‘The Most Important in Life is to Find Yourself and Decide What You Want to Create’ – Taji Budagov from the Village of Kosalari
20 years old Taji Budagov meets us on the road to the village of Kosalari of the Tetritskaro Municipality. He apologizes for being late, explaining that he could not leave the work earlier and therefore was not able to catch the minibus on time. Taji explains that he started working on a position of the promo agent in the Europebet Marneuli branch several weeks ago. In Parallel, he studies a bachelor’s program in management at the faculty of Business Administration of the Business and Technology University. He is fascinated by the ancient Greek philosophy, psychology, and oriental culture. Taji is a participant of the fourth phase of the Association Rural Development for Future Georgia’s (RDFG) Employment Shuttle being implemented within the framework of the EU ENPARD Programme.
Taji is Azeri by nationality and follower of Islam by religion. On the road to the village, we are talking about the rules and traditional customs of the Muslim community and the cohabitation of the latter and the Christian one. He tells us that recently a new mosque was built in his village and promises to take us to sight it after the interview. He states that he is a religious person and respects the holdover of ancestors, dislikes when people forget traditions and lead their lives without them.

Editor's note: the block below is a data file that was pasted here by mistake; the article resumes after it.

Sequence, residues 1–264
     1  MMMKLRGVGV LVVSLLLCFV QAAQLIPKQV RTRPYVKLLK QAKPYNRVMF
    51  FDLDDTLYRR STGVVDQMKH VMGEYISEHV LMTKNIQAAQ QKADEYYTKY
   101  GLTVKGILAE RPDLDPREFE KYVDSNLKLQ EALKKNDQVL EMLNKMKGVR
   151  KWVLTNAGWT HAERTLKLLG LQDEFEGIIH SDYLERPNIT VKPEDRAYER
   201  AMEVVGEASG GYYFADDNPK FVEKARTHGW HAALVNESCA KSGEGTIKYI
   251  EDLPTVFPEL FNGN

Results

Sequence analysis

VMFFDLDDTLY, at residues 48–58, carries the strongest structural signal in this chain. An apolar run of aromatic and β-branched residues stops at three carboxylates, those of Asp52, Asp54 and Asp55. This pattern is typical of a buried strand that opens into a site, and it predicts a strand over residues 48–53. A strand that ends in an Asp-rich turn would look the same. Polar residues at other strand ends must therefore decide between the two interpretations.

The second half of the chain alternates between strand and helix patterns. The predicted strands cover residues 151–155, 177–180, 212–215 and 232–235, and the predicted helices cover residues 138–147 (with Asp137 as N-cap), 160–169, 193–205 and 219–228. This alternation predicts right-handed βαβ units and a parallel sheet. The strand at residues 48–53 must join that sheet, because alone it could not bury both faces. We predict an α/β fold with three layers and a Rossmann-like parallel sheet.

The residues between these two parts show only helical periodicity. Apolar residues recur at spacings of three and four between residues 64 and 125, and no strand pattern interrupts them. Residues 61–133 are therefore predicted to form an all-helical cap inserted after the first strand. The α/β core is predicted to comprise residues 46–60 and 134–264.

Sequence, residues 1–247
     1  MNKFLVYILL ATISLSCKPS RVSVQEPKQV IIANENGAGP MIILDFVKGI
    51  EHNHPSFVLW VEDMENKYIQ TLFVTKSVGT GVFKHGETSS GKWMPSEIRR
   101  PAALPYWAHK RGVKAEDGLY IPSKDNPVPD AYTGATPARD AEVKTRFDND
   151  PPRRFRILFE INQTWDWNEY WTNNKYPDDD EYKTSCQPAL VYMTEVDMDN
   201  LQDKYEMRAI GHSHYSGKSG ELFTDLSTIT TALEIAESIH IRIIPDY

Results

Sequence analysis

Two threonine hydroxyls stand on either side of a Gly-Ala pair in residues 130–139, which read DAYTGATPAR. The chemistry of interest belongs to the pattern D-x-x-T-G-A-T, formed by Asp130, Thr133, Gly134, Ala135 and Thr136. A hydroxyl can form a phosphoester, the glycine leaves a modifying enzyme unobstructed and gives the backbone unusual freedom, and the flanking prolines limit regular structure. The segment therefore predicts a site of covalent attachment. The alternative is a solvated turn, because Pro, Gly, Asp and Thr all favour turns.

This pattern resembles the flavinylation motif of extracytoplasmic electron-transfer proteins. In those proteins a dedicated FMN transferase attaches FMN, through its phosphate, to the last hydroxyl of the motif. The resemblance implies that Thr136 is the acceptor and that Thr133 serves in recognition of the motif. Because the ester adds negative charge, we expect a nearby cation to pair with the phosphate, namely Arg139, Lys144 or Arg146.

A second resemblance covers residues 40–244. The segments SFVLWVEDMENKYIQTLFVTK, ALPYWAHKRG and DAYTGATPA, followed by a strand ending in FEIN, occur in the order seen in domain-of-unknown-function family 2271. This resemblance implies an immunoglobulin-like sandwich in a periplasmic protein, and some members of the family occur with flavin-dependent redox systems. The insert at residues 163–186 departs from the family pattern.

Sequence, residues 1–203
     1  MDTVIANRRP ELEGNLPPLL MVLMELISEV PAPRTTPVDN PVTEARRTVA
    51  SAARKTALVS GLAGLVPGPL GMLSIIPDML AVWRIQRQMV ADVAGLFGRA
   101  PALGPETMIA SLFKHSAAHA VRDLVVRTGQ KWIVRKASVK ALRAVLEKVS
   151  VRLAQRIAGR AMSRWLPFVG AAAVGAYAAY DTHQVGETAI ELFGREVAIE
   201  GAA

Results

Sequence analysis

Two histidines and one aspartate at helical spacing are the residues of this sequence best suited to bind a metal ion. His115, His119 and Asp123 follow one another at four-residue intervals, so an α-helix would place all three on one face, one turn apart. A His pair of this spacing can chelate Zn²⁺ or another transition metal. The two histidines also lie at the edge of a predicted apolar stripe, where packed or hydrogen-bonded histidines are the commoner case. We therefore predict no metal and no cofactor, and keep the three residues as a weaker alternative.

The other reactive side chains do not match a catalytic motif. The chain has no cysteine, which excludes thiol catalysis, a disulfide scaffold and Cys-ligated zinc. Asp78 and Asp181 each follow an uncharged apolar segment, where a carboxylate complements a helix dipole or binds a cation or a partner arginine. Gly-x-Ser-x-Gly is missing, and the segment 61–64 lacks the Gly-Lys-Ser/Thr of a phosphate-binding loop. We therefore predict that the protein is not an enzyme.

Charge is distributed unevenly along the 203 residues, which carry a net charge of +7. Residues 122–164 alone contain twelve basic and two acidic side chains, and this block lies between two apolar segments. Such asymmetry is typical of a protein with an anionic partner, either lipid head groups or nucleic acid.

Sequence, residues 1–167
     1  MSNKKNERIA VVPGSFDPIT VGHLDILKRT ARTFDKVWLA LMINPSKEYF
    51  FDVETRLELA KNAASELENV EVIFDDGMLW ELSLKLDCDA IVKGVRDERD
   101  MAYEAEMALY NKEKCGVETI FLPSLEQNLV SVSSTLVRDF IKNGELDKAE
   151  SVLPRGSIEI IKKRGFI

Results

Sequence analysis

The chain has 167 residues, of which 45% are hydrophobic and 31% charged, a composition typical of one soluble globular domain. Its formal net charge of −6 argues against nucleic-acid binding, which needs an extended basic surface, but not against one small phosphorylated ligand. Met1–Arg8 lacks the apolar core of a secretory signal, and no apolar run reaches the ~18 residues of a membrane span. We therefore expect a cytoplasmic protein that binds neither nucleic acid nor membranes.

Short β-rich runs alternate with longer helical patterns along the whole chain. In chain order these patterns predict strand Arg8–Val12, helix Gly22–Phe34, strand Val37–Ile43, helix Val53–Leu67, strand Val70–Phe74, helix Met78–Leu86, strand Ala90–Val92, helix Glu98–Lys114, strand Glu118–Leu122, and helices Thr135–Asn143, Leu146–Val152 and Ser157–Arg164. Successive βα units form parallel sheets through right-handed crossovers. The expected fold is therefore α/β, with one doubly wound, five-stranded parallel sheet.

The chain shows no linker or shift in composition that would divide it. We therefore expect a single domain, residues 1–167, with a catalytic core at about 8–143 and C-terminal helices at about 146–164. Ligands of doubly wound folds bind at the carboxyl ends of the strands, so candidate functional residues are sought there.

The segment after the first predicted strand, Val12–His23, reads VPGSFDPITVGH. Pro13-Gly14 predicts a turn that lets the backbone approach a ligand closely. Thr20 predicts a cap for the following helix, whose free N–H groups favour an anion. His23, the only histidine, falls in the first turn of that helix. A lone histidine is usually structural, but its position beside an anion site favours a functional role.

As soon as we arrive, Taji takes us to his house. Currently, he is based in Tbilisi, so he rarely spares time in Tetritskaro. Though his two grandmothers and uncle are living in the countryhouse. Before getting into the house, according to the custom of his religion, he puts off his shoes. We go after him, leave our boots outside the door and enter the room heated with an old stove. Our host’s grandmother does not speak Georgian, so we express our friendliness by our positive emotions. Taji jokingly warns us that he will not let me start an interview unless we taste Azeri tea and traditional mulberry jam – Bakmazi. We agree instantly.
Sitting around the table, our host tells us that he came across the announcement for the participation in the EU-supported RDFG Employment Shuttle while seeking financial data about the Tetritskaro Municipality on the internet. As he finds it interesting to cope with new challenges, he filled out the registration form immediately:
“I did not expect this step to be followed by the first meeting with the representatives of the project. At first, I did not know anyone and of course, I was a bit worried. But the first day was so much full of positive emotions that I got engaged in the project and shortly became the active member of the team”.
Taji recalls that prior to joining the project, he had difficulties in communicating with people and thus he found himself very introvert. But the mentors of the Employment Shuttle, who were very open and active, made a positive impact on him:
“They would always advise to take as more information as possible from the training sessions. But once I remember Irma telling us ‘You may learn a lot, but it is important then how you will be able to use this information in your life’. These words affected me too much”.